A kerfuffle about marathon traffic

When the LA Marathon first announced its new point-to-point course last summer, Los Angeles Mayor Antonio Villaraigosa spoke to the significance of transporting participants for free on the Metro on race day. Yesterday, L.A. County Supervisor Gloria Molina, in her capacity as MTA Chair, said in a committee meeting that marathoners should not be provided with free race day transportation and withdrew the agenda item from next week’s MTA board meeting. Mayor Villaraigosa plans to take this matter directly to the MTA board meeting on February 22, 2007.

Please email Supervisor Molina and ask her to explain herself. Let her know that runners are going to be making traffic hell enough already without taking away this free pass!

Update: I sent an email a few hours ago and recently received a very interesting response. Continue reading for Supervisor Molina’s email reply.

Dear L.A. Marathon Participant:

Thank you for participating in the L.A. Marathon. It is a cherished Angeleno tradition that thousands of people participate in annually-with millions more watching on television-and it is a custom that keeps the Los Angeles civic family together.

I received your correspondence regarding my insistence that the L.A. County Metropolitan Transportation Authority (MTA) not subsidize the L.A. Marathon-a “for-profit” business-to the tune of over $300,000. I feel compelled to explain plainly the reasoning behind my decision. It is truly unfortunate that a totally avoidable incident is tarnishing this much-anticipated, internationally renowned event.

It is critical to point out that L.A. Marathon organizers never received MTA approval for this subsidy. They promised a free ride to you, the participant, without obtaining the necessary clearance. They lied and they are now feigning outrage when confronted with the truth.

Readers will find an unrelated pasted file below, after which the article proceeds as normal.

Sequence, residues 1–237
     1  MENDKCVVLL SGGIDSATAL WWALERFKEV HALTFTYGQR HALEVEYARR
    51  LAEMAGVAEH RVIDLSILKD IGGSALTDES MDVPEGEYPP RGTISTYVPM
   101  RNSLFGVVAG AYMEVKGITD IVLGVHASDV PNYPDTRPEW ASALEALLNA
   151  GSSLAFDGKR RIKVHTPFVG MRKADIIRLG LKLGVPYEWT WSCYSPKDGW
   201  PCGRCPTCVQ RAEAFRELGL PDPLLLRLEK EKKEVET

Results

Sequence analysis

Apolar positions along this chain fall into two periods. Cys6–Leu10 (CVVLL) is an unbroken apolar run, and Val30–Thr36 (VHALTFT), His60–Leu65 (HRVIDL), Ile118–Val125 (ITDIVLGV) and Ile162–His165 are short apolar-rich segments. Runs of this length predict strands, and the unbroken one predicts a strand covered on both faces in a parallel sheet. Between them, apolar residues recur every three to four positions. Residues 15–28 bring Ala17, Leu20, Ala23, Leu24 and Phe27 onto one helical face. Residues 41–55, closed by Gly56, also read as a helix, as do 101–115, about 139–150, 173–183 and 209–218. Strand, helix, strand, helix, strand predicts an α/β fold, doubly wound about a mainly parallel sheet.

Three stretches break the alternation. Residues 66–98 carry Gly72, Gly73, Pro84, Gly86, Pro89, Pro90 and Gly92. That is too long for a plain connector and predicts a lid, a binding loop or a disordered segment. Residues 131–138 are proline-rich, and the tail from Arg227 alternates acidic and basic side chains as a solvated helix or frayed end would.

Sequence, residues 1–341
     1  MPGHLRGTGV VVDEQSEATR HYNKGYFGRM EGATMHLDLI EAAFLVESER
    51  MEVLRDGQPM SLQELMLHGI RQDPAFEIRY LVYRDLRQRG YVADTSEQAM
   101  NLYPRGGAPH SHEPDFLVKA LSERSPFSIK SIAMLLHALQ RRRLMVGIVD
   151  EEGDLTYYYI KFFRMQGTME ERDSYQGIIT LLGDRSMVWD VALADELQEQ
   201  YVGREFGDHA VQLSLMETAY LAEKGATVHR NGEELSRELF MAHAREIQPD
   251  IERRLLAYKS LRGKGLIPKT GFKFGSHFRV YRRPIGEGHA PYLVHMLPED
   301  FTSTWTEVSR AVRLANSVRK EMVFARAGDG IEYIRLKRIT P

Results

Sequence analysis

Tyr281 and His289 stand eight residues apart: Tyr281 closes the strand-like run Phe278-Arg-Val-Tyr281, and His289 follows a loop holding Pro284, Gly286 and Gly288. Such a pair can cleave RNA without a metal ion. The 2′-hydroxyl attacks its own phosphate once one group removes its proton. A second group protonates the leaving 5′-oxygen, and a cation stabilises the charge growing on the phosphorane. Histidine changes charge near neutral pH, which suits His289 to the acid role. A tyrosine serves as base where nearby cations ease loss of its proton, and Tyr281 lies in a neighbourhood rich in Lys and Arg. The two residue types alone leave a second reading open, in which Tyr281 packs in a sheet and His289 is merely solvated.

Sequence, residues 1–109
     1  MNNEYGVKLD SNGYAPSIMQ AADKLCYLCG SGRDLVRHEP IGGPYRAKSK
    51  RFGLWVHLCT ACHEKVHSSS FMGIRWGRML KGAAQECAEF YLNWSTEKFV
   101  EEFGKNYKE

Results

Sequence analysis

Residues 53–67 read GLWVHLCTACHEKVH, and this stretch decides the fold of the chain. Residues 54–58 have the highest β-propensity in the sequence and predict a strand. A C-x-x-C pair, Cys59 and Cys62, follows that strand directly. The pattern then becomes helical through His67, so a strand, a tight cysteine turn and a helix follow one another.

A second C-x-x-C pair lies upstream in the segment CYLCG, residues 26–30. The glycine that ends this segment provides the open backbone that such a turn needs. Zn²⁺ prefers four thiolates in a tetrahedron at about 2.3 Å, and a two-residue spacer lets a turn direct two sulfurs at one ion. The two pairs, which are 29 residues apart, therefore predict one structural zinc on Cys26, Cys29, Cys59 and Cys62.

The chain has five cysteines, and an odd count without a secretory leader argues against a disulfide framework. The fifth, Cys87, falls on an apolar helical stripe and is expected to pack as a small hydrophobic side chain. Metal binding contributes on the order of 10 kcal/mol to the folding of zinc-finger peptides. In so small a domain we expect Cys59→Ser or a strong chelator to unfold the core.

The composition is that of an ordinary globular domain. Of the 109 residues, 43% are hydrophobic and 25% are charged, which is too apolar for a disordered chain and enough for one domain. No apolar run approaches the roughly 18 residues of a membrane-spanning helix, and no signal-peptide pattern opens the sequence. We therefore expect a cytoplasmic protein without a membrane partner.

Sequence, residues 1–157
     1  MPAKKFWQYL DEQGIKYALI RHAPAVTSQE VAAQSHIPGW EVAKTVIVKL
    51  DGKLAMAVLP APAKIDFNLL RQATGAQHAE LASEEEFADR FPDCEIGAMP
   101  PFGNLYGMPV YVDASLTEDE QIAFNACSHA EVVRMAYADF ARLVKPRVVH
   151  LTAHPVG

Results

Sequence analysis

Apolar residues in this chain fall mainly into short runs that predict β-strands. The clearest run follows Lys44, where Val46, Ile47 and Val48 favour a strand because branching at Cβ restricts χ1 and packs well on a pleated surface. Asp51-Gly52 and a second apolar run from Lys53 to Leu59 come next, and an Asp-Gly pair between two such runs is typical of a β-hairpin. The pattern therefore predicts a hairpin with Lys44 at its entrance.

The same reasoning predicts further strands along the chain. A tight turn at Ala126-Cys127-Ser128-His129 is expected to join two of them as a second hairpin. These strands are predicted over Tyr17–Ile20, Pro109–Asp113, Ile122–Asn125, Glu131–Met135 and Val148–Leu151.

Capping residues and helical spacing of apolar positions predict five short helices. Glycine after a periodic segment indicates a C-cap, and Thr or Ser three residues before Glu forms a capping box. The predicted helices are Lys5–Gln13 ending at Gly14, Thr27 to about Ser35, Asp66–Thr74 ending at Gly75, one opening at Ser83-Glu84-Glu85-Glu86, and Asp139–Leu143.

Their action is especially outrageous since the MTA is a publicly funded agency. It is currently facing a nearly one billion dollar deficit over the next five years. To avoid a fiscal disaster, the MTA Board of Directors is seriously considering raising fares. The cost of a day pass may rise from $3.00 to $5.00. Monthly passes may jump from $52 to $75. Monthly passes for seniors may climb from $12 to $37.50. Student monthly passes for children in grades K-12 may increase from $20 to $45 and monthly passes for college students will jump from $30 to $50.

These are increases of between 44 and 212 percent-and they will only cover our first year’s deficit. They might-and, most likely, will-rise even more.

Now the L.A. Marathon-a private entity-is asking these same taxpayers to foot an additional $300,000 because marathon organizers dropped the ball in obtaining a private sponsor. Already, the L.A. Marathon is charging you up to $105 to participate. That is quite a hefty sum. The lowest cost marathon entry fee, for the record, has grown from $75 in 2004 to $85 in 2007. That’s a 21 percent increase. L.A. Marathon organizers apparently feel this is the cost of civic participation-and now they want to charge the public another $300,000-or you-to subsidize a $1.25 fare per L.A. Marathon participant and their family.

As Chair of the MTA Board of Directors, I refuse to let this happen.

Indeed, $300,000 could pay for a great deal of public transportation services, including:

  • 25,000 senior monthly passes
  • 666,666 senior cash bus fares
  • 857,000 senior night bus fares

Public agencies are increasingly asked to provide more services without raising taxes and fees. I strive to achieve this goal to the best of my ability every single day. This means that every penny counts-and those public dollars must go toward paying for public services. I have dedicated my political career to this principle and I will not stop now.

This debacle is unfortunate for everybody. It isn’t fair for you, the L.A. Marathon participant, to be blindsided with this extra cost because event organizers made false promises they couldn’t keep. But neither should L.A. County taxpayers.

I urge you to contact Bill Burke, the head of the L.A. Marathon, and Los Angeles Mayor Antonio Villaraigosa to request that they fulfill their commitment to providing you with free shuttle service. They can be reached using the following contact information:

Bill Burke: drbburke@aol.com, (310) 444-5544 Mayor Antonio Villaraigosa: mayor@lacity.org, (213) 978-0600

Thank you again for contacting me.

Chair, MTA Board of Directors